We heard from a number of speakers, including
The following artworks were exhibited by Preshil students:
Self Portraits with Nature – Leila Edelstein
This work explores the intimate dialogue between humans and nature. We have become more industrialised, commercialised and commodified. We strive to feel rewilded, we year for the time when the land was cared for by its traditional owners. I find myself collecting nature, leaving it altered and less wild. I aim to depict the complex emotions I have in regard to making peace with the idea of living with more cultivated versions of what is longed for instead of the mythical wildness.
Murdoch – Hugo Long
This portrait of media mogul Rupert Murdoch was created to convey some of the terrible power an individual can exercise in a modern, global context. Murdoch controls much of the global media and this painting depicts his great ego.
Tempestuous – Poppy Phillips
Tempestuous embraces nature and life; my intention was to create a connection between the artwork and the viewer, rendering it subjective and personalised. The piece is a birds-eye-view of the landscape, inspired by Aboriginal artwork, enabling the viewer an introspective experience in correlation to the artwork. The detail within the work portrays the metaphorical environment that I portray, in an attempt to remove the viewer from the predisposed understanding of landscape and nature, in order to analyse the tempestuous essence of nature from an external, and removed, perspective.
Buries in these Mountains – Leila Edelstein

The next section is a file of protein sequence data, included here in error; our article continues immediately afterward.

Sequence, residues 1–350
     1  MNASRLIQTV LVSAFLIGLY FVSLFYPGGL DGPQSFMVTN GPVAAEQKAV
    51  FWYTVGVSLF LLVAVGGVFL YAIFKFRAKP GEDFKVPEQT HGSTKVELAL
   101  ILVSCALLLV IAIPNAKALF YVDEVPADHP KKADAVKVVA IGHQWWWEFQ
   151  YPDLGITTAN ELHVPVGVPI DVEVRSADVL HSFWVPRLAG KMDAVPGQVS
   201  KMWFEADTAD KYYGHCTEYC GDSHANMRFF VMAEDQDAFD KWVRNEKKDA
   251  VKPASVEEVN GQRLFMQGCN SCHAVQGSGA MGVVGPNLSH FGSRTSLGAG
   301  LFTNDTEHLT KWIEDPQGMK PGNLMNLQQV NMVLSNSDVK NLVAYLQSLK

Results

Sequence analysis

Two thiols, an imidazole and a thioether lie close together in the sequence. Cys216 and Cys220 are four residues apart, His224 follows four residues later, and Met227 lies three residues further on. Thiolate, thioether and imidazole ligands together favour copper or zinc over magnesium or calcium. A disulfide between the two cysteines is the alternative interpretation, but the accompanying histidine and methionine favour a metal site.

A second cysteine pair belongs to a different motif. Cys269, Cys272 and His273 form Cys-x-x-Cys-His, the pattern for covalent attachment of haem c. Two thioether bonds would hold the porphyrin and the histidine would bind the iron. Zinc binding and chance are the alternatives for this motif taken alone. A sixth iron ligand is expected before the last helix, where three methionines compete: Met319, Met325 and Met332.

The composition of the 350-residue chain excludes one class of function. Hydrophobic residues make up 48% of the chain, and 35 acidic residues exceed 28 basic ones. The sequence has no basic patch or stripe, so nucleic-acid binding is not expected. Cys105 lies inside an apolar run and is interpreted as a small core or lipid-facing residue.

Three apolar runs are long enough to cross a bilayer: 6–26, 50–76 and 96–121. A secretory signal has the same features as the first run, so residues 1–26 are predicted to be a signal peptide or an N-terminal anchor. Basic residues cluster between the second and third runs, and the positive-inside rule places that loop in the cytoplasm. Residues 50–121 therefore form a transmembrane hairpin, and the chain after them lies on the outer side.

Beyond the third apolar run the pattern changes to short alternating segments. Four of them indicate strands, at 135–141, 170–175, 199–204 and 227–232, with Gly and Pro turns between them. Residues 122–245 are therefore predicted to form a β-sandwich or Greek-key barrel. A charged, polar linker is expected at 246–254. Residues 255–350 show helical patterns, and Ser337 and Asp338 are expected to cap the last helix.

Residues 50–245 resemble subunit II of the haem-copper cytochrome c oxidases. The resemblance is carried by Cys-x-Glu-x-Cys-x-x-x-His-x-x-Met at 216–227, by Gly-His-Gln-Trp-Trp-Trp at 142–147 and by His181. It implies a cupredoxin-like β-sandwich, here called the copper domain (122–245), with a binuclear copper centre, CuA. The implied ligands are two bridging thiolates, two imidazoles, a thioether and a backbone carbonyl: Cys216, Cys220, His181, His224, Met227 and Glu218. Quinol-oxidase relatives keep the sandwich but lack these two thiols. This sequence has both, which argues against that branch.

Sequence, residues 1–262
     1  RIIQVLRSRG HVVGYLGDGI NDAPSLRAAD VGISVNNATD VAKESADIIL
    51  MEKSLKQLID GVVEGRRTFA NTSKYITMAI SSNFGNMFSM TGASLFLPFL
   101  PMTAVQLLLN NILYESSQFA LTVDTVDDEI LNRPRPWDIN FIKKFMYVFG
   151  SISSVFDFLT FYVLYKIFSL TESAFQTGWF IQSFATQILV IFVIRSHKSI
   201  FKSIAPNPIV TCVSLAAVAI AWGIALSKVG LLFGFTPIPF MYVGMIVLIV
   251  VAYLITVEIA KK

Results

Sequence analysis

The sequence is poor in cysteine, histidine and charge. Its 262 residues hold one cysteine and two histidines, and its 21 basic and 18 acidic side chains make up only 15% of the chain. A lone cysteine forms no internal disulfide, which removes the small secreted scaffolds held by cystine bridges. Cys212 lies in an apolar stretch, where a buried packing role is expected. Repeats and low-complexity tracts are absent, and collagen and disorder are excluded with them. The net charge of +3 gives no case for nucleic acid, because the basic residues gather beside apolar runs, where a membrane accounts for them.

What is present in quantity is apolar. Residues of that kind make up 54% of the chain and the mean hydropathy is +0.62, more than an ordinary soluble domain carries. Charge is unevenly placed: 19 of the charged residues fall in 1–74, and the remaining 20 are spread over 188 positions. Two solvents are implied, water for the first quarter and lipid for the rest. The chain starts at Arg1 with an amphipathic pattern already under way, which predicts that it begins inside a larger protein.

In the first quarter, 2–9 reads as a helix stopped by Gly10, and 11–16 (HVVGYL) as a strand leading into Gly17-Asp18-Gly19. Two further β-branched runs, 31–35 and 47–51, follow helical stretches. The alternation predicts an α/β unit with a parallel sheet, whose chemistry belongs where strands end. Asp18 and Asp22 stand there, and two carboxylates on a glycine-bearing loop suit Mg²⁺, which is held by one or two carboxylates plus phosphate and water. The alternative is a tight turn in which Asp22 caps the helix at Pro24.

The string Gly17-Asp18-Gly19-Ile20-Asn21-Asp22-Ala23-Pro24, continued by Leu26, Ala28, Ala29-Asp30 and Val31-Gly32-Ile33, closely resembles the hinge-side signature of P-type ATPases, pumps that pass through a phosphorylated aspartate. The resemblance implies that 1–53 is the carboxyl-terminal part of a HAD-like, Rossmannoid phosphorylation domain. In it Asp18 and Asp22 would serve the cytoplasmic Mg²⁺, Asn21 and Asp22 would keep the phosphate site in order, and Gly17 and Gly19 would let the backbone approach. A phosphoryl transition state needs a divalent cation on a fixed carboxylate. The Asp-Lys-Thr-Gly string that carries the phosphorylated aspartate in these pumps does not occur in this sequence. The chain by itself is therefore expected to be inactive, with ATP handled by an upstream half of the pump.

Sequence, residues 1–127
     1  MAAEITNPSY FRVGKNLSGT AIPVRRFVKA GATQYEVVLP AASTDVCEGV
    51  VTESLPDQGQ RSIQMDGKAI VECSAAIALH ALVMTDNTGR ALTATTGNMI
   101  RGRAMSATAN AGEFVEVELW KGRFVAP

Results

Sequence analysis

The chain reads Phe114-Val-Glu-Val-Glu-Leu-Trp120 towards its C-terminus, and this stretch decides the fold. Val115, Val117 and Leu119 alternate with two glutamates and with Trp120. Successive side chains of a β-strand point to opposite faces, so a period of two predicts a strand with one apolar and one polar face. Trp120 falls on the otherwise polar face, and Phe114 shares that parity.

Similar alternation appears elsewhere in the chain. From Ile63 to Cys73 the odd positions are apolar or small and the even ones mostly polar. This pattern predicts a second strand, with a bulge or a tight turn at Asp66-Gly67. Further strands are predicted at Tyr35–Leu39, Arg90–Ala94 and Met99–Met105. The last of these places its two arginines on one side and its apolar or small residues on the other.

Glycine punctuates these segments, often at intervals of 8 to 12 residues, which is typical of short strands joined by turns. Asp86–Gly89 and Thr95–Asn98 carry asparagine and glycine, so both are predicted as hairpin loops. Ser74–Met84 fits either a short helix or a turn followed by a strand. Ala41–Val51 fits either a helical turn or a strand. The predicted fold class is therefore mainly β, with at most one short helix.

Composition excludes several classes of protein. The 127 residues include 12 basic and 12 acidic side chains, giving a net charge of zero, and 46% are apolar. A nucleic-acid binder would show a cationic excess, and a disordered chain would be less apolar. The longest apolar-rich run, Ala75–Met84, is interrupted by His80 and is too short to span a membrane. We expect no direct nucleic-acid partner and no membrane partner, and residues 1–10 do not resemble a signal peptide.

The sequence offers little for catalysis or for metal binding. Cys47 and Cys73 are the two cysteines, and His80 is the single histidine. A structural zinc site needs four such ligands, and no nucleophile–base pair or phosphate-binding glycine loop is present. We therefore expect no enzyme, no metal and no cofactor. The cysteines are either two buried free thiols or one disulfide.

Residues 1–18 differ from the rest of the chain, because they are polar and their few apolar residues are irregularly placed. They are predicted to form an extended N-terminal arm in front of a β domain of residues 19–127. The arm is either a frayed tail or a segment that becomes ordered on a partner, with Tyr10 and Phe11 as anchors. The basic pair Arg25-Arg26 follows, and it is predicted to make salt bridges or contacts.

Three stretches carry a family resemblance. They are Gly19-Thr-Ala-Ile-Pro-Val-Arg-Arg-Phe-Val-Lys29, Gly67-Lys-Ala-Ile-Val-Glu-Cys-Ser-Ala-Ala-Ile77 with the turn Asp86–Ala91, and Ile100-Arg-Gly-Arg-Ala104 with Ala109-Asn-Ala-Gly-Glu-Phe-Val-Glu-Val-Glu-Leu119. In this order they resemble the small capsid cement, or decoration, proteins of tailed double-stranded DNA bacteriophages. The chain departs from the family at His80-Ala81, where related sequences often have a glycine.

These works continue my exploration of the human desire to feel rooted in nature, as opposed to feelings of alienation in institutionalised schools and workplaces. I grew up at the foot of Table Mountain in Cape Town, South Africa, and I am fascinated by the emotionally grounded feeling that ensues when walking on mountains. I chose to carve two images of mountains that feel like home to me… they were inspired by photos my dad had taken in Cape Town and in Victoria, Australia, where I live now.
Screenprint III – Ailsa Potter
With this work, I wanted to look outwards, and photograph and screen print others. This work highlights the uniqueness of the individual, while also being a cohesive unit. I was inspired by vintage photography projects that used portrait-style photography such as Handsworth self-portrait in 1979. Visually these. tie in with my previous screen printing works, but I wanted to expand the concept of my work through inspiration from the past.
Colour on Black – Will Weinberger
By holding a lighter to some old oil pastels, I allowed them to melt and drop onto the canvas. I enjoyed using his media and I faced some unpredicted fragility when moving the candle over the composition. I aimed to deconstruct social constructs by representing quirks and differentiations through the contract and disorganisation of the final artwork.
Our 2023 Visual Art students also attended the exhibition recently as part of their reflection and inspiration process, and to support their peers.